December 18, 2012 | Unregistered CommenterZachariah Blott

You didn't answer my question regarding the Grizzlies with Pau. Could you please do that? Looking at his team's record when he was the leader helps qantify the point I made about his abilty to succeed when he doesn't have leadership responsibilities.

WE weren't just discussing offense. in the blog you wrote "Gasol dominated the paint for the final game-and-a-half, recorded a 19-18 in Game Seven". only in your resonse did you limit it to offensive stats. It would make sense then to include Kobe's rebounding numbers from that game as well. So your bloviating about context comes off as a childish way to attack me rather than answer the question.

I stated rather clearly that IMO you wrote this because Its not surprising to me that when "Kobe achieves another career milestone you would post a blog that gives credit for winning titles to another player." You in no way were writing something nice about the Lakers.

December 18, 2012 | Unregistered CommenterJamesD

Only a biased Kobe fan would take an article that is clearly synced up timewise with the Gasol injury and much talk of trading him, and turn it into "you must hate Kobe and only wrote something nice about the Lakers to take away from Kobe's milestone," something that happened 10 days before the article was published. Are you really riding out one man's individual accomplishments that long? Give up the Lakers-fan-not-a-Kobe-fan crap you say about yourself and just admit already that the only Laker news you care about is in terms of how it affects your allegiance for Kobe.

December 18, 2012 | Unregistered CommenterZachariah Blott

Is there a reason you are not blaming Gasol and his lack of fire the last two seasons? I love my man Pau, he is most certainly not soft like charmin tissue paper, but there is a reason why so many Laker lovers/haters question the man's mental fortitude consistently. I will always believe that Pau cannot carry the load as consistently as Kobe because of his mentality, and let's be real, no one can compete night in and night out the way Kobe can. Pau's start of the 2010-11 season when Kobe was injured was amazing, showing us what the second best player on the Lakers can do without the best player taking away his touches. Many people (again) started to disrespect Kobe, saying Pau is an MVP candidate and that he should be the franchise player as opposed to Kobe. I'm not denying that Pau came out that season on fire, but that is precisely the reason why fans of Kobe get so irked by the mainstream media's incessant desire to knock Kobe every chance they get. When Pau was playing like an MVP candidate, rather than saying, "OMG Pau's game is so versatile!" its more, "HA! SEE?! The Lakers are better off without KOBRICK!!!" Point is, these people jumped the gun. Having watched Gasol the last few years I knew he would slow down if he was asked to carry the team. And that's exactly what happened that season. Pau wore down from carrying the load early and his performance slowly dipped as the season went on and then he went into a complete nosedive during the playoffs where he got outworked by guys like Carl Landry and didn't even try to slow down Dirk (Dirk was on fire that year, but at least make the man work on the defense! Pau just kept trying to cross him over and when Dirk didn't bite, he'd just pass the ball. He offered the best player that year no resistance, on either end. Simply unacceptable, probably the first and last time I really blamed Pau for anything).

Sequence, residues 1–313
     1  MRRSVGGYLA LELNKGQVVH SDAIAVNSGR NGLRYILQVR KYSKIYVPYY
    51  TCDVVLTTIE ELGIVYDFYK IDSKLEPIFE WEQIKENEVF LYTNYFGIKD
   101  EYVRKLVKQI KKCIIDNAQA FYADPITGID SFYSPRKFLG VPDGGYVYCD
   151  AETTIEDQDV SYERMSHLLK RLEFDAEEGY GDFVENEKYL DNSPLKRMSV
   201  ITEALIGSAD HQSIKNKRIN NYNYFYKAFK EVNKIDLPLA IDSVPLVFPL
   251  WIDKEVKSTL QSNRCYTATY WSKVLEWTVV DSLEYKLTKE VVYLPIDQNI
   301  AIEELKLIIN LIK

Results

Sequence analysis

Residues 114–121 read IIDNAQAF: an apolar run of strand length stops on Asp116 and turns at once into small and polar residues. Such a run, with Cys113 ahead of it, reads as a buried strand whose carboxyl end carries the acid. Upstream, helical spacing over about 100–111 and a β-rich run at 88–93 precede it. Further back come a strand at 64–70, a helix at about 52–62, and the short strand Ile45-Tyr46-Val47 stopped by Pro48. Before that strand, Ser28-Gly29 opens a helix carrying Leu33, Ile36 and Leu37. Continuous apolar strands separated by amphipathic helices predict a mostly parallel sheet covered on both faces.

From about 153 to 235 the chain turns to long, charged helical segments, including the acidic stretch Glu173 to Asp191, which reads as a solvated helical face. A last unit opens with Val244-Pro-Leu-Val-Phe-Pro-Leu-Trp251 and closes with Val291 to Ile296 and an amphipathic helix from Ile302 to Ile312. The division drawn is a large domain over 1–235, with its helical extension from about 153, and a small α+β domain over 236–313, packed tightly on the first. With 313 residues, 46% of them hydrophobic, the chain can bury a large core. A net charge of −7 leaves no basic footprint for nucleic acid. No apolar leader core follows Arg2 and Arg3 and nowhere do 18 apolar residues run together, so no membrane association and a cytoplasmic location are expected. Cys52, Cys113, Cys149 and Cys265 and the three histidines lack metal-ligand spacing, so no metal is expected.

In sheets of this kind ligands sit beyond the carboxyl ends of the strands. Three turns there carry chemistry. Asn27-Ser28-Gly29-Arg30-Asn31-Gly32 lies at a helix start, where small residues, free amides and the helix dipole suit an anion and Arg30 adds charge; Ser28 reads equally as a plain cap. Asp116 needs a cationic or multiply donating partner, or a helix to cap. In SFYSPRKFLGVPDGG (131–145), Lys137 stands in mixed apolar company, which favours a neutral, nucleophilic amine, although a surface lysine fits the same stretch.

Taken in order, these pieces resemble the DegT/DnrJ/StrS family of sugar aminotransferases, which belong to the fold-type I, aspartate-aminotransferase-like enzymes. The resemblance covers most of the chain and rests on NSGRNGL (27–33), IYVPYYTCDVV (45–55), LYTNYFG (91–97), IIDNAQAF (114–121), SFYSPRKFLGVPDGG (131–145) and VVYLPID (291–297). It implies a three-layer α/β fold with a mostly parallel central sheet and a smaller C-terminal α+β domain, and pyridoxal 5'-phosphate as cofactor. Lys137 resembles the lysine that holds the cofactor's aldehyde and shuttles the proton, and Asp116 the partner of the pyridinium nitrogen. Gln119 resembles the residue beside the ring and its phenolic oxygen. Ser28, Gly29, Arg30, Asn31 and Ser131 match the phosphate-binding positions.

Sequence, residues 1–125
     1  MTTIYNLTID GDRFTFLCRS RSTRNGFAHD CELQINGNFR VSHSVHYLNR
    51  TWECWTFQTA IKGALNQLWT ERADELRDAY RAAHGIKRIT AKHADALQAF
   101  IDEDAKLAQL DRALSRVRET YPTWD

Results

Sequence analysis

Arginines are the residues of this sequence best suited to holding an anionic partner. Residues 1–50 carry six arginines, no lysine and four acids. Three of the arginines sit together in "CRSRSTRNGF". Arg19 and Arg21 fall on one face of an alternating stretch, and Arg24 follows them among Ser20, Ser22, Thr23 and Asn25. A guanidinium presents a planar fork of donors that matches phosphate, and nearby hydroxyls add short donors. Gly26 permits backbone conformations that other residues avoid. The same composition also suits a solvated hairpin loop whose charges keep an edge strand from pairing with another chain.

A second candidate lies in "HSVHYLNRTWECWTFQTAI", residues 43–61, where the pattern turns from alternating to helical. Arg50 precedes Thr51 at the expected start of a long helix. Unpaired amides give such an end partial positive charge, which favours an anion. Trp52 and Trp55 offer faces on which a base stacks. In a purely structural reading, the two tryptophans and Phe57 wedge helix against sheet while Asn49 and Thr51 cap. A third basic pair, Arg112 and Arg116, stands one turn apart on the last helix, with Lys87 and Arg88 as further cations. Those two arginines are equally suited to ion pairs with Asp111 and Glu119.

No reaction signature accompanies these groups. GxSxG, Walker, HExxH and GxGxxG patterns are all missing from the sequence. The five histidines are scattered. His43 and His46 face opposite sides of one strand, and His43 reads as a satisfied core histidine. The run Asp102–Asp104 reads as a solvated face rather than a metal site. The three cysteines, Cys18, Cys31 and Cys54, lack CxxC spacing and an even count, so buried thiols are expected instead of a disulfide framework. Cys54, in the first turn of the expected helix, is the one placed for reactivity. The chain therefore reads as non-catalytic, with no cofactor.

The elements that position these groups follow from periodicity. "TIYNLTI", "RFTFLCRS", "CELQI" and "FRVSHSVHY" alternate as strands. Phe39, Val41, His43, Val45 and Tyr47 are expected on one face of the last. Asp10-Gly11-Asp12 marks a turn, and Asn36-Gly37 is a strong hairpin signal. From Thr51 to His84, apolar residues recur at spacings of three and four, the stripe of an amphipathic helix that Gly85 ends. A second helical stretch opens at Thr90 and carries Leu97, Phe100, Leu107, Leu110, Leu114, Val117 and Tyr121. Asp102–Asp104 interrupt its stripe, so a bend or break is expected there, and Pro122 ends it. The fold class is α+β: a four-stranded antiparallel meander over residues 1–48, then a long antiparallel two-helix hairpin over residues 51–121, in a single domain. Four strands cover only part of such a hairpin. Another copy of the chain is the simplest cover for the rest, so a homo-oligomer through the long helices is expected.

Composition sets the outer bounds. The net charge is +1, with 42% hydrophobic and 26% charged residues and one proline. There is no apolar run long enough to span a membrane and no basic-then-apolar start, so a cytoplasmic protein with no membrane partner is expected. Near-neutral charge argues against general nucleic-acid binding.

After reading the article I would have to agree with James in that you seem to go out of your way to convince people that the best player on the Lakers is Gasol. You could just as easily write an article about how Pippen is the reason the 90s Bulls became dominant, but I don't see anyone doing that. No no no that is a no-no and most people would see it as an insult to even consider writing it. With Kobe, there is no restraint. It seems a lot of people love to discredit/disrespect Kobe is this manner, claiming objectivity is the reason for writing such articles but the entire time they are basically giving the lion's share of credit to a player who is clearly the second best player on a championship team, barely suppressing their distaste in a man deemed inferior to basketball's Zeus (which is MJ).